Tourism Scotland: Cost-of-living crisis and inflation blamed as Scottish tourism firms reveal ‘staycation’ slump
The cost-of-living crisis, inflation and rising energy bills are being blamed by Scottish tourism businesses for a slump in "staycation" bookings and their overall profits.
Industry leaders say they are “most concerned” after it emerged almost half of firms have reported a decline in visitors from either Scotland or elsewhere in the UK over the past 12 months.
The poll for the Scottish Tourism Alliance (STA), which released the findings to coincide with its annual conference in Edinburgh, found 48 per cent of businesses had seen a decline in profits over the same period.
More than 90 per cent of businesses identified soaring energy and supplier costs as their major financial challenges over the past 12 months.
The cost-of-living crisis was cited by 83 per cent of businesses as the major factor that had impacted bookings, while nearly two thirds of businesses blamed the costs involved in taking a “staycation” in the UK.
Almost half of those surveyed say bookings are being made much later than before the pandemic. Four in ten have fewer advance bookings than at this time in 2019.
More than 210 businesses took part in the online survey, which was commissioned by the STA to provide a “snapshot” of this year’s summer season.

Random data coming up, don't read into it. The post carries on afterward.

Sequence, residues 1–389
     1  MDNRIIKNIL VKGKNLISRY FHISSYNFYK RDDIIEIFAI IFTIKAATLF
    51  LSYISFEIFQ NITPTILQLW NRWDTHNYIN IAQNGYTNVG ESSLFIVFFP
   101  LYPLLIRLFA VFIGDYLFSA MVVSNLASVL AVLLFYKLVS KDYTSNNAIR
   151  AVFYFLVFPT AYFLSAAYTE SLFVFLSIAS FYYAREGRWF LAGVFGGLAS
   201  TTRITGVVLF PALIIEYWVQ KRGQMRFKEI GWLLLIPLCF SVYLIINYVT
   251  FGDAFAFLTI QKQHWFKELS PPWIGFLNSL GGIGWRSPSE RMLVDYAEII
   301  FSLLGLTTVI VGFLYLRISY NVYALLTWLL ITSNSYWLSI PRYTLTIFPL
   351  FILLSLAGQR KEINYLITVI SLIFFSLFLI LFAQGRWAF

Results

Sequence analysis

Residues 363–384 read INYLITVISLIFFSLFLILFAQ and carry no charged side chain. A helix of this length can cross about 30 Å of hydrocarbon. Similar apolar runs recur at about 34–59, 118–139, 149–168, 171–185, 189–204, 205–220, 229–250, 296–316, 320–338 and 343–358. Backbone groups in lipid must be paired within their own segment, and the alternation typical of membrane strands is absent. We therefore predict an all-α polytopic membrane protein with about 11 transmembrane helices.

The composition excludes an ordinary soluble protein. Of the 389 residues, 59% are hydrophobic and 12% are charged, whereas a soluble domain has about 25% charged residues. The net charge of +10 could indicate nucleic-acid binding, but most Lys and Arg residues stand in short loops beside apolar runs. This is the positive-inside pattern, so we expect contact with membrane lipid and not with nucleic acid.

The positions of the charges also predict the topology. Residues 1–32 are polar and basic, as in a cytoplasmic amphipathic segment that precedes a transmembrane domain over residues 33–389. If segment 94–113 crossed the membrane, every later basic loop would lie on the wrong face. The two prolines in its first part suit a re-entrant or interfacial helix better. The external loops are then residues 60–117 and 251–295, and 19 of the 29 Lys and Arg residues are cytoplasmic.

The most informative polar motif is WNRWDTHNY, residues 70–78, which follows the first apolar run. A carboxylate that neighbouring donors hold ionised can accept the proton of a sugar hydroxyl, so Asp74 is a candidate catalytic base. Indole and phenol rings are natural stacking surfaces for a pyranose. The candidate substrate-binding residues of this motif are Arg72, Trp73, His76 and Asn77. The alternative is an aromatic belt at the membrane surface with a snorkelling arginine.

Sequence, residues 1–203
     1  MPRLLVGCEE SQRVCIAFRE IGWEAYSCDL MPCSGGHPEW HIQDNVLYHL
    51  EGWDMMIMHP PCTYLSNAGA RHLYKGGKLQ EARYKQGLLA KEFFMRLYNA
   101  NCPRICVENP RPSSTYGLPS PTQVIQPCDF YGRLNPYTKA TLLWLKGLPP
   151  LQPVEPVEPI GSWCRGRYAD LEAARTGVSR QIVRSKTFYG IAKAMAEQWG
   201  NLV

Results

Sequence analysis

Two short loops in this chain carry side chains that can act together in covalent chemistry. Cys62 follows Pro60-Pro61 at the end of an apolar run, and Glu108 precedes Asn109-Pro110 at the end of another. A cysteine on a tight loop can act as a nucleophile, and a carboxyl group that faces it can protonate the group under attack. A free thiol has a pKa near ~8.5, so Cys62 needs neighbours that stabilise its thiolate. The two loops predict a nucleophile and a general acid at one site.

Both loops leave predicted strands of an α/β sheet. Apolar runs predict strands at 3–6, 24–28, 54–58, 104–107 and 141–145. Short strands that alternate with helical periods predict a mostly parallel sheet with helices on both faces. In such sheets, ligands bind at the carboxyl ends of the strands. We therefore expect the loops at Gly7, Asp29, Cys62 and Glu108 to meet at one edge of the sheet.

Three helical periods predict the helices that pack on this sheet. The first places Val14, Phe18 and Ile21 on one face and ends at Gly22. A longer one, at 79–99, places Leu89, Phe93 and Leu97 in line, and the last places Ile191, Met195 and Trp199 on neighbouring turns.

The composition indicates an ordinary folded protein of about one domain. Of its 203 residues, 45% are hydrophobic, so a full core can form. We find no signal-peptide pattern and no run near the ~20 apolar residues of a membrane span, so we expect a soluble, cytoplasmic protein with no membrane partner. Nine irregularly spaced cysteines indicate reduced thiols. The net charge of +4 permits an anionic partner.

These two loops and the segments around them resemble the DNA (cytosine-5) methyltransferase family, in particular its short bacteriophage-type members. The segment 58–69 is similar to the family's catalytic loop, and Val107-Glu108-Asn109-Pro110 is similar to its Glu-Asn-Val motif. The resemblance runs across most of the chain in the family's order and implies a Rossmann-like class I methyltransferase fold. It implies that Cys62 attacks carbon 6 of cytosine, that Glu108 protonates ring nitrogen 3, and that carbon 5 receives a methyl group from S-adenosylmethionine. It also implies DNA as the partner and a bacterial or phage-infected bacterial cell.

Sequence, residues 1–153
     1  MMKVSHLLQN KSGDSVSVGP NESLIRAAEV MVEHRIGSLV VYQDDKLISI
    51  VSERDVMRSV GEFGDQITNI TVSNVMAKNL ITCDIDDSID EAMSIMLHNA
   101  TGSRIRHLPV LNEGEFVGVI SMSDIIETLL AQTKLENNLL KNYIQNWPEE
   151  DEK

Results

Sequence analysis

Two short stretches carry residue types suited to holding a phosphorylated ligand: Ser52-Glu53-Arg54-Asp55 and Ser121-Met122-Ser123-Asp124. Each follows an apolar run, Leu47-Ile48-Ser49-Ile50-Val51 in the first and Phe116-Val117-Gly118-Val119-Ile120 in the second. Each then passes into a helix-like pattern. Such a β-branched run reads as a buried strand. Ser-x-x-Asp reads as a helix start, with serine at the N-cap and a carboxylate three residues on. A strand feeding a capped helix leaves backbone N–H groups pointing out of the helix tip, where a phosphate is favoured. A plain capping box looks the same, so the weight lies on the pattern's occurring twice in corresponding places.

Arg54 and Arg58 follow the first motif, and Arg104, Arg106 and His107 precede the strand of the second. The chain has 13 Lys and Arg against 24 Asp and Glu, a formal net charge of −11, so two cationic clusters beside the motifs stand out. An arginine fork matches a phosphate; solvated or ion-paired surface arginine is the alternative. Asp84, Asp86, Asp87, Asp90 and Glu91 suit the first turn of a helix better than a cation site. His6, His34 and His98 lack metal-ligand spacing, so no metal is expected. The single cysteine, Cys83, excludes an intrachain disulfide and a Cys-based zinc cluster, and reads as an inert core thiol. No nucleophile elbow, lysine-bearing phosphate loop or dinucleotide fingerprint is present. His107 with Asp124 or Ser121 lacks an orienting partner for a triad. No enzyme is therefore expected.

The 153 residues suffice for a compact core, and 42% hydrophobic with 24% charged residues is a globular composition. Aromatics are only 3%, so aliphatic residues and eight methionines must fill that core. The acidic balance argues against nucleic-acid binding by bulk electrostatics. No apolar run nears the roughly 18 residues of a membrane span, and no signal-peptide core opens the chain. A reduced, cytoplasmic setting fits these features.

The research, by the consultancy 56 Degree Insight, found although there had been an increase in the number of European, North American and Australasian visitors in 2023, this had not “offset” the staycation market’s decline.
The research states: “While overall 42 per cent reported decreases in either the Scottish or other UK markets, this was higher amongst serviced accommodation providers and restaurants, bars and cafes (55 per cent and 67 per cent respectively).
"Overall, 48 per cent reported increases in the European market, but this was higher amongst visitor attractions (59 per cent) and businesses based in Edinburgh (62 per cent). Visitor attractions and businesses based in Edinburgh were also more likely to report increases in the North American market (55 per cent and 51 per cent respectively).”
Jim Eccleston, managing partner of 56 Degree Insight, said: “With living costs remaining high, more and more of us have been protecting our holiday budgets for overseas trips seeking the sun.
"The overall result has been a negative impact on the bottom line for many businesses, particularly in the serviced accommodation sector and in pubs and restaurants.”
STA chief executive Marc Crothall said: “The UK domestic market accounts for around 65 per cent of tourism in Scotland and our industry is dependent on this tourism spend. The decline in domestic visitors, both from Scotland itself and other parts of the UK, is most concerning.
"With factors such as the higher cost of living, inflation and increased energy and fuel costs influencing consumer choices and holiday decisions, we can no longer rely on our domestic market as a key driver for Scottish tourism.”
Mr Crothall said there was a need for the UK and Scottish governments to work “more closely” with the Scottish tourism sector to “understand and address cost pressures, enhance business confidence and position Scotland as a ‘must visit’ destination within the global marketplace”.
He said: "The findings are very clear that Scotland’s reputation as an attractive and competitively healthy global destination is most definitely at stake unless the governments exercise more financial levers to support the sector.”
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